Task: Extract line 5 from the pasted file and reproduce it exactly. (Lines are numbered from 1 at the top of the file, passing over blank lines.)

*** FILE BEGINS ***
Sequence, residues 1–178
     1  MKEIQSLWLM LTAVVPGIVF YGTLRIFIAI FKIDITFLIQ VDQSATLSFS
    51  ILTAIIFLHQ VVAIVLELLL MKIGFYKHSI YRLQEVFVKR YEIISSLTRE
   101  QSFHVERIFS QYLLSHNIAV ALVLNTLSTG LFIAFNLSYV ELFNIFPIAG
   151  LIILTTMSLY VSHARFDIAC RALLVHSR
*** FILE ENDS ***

   151  LIILTTMSLY VSHARFDIAC RALLVHSR